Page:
During 2009 and 2011, DIETER REINISCH (Vienna) interviewed 25 former Irish Republican women activists. The main inquiries explored in his paper were, how Catholic convictions are projected on the interviewer by narrators in oral history projects on the Northern Ireland conflict, and secondly, what roles and functions these religious projects serve during the interview process. The Northern Irish Troubles are often described as a religious conflict, a description rejected by Irish Republican actors of the conflict. It has been argued that emotions, feelings, and subjective experiences carry many roles and functions and, thus, shape our research interests and decisions. Similarly, the appearance of the interviewer as much as the narrator’s perception shape the story the narrators tell us in the interviews. Based on these considerations, he discussed how Irish Republican women projected their own Catholic convictions on the interviewer, despite stressing that they are not overly religious or practising their Catholic belief.
CATALINA ANDRICIOAEI (Florence) drew on an interview she conducted in 2017 with Diamanta, a Romanian Roma woman living in Nottingham, UK. Her presentation aimed to shed light on the question of the audience(s), both present and expected, in oral history interviews. Her case study is the story of the golden necklace and Diamanta’s body language. In shedding light on the subtleties of an interview, which enclosed three stories for three separate audiences, she argued that expectations of the audience(s), which include the interviewer herself, not only shaped the exchange of stories but also illuminated the position of the interviewer in the economy of the interview.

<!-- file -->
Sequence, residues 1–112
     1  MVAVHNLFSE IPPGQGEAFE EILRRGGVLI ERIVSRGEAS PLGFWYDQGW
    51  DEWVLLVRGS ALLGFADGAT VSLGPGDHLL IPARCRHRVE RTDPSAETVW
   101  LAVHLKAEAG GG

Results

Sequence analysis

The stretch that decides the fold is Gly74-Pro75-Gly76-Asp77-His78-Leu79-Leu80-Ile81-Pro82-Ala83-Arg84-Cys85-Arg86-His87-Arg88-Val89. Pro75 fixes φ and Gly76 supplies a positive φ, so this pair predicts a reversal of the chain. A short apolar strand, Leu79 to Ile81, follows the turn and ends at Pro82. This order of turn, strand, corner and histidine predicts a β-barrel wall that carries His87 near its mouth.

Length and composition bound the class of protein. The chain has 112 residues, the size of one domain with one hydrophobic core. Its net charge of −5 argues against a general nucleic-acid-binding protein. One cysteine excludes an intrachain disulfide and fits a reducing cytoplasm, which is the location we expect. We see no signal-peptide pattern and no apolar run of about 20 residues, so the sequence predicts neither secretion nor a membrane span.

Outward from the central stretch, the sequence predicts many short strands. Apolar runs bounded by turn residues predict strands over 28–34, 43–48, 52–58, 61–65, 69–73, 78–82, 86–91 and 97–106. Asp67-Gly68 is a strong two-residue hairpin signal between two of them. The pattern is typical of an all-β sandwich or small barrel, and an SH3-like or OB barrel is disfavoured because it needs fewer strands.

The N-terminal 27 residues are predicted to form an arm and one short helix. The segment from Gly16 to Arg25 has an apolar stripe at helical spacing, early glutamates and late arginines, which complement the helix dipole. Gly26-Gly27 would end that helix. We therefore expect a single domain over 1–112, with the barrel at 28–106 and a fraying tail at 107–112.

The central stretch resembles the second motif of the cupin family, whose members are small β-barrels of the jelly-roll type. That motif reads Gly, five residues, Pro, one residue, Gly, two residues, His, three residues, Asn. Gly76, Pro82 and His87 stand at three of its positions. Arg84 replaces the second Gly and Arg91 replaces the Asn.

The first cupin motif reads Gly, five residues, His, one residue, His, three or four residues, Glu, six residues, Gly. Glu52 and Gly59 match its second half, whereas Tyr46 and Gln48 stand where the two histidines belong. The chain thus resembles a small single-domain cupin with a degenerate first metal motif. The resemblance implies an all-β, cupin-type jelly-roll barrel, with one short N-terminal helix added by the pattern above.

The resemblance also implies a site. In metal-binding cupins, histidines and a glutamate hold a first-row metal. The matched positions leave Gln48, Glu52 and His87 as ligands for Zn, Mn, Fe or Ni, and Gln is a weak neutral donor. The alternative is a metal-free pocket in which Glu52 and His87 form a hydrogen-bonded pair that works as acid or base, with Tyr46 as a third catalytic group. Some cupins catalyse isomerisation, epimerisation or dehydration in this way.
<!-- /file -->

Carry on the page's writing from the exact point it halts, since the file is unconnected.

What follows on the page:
The second day explored the potential of written sources to illuminate hidden or obscured faces of individual life-stories. Furthermore, challenges that sensitive issues may bring up were discussed. TURKAY GASIMOVA (Florence) aimed to understand how life in Europe could be for a young Muslim coming from the far southern periphery of the Russian Empire to study in Brussels at the end of the nineteenth century. In comparison with his father Mirza Fatali Akhundov who is considered one of the well-known intellectuals of his time in the Russian Empire, the story of Rashid Bey Akhundov is known only to few historians. After graduating from Tiflis Classic Gymnasium, Rashid Bey continued his studies at the University of Brussels studying engineering during 1874–1882. The letters Rashid sent home to his family in Tiflis revealed a lot about his life in Brussels and the challenges that he had encountered. Altogether Rashid sent 53 letters from Brussel to his father and at least six letters to his mother and sister. Most importantly these letters provide extensive knowledge on the first European experience by a young Muslim who was intermediary through whom Akhundov tried to see the real Europe. Rashid’s extensive responses to his father’s curious questions and his observations about European society reveal the nature of the relationship between him and his father, his depressive personality and the deep sense of helplessness that eventually made him take his own life.
VICTORIA WITKOWSKI (Florence) presented her research of Rodolfo Graziani, a military figure from the Fascist period. He became a household name in Mussolini’s Italy due to his leading role in the state’s colonial wars in Africa and in the Second World War, where he led offensives on the North African front against the British, and back in Italy against the partisans. More recently, Graziani been back in the spotlight due to the erection of a publicly funded monument in his honour in 2012. A controversial man during his lifetime, the recent commemoration has sparked fierce reactions from foreign onlookers and some sects of Italian politics and society. His memory thus remains a fervent and multifaceted one and signifies heavy tension in current attitudes to Italy’s recent past. While he is not the only example of the nation’s divided memory, few other figures have generated so much discord like remembrance in the public sphere as Graziani has. During her PhD, she has therefore traced the public representation, myth-making, and remembrance of Graziani in Italy and abroad to fully account for such a phenomenon.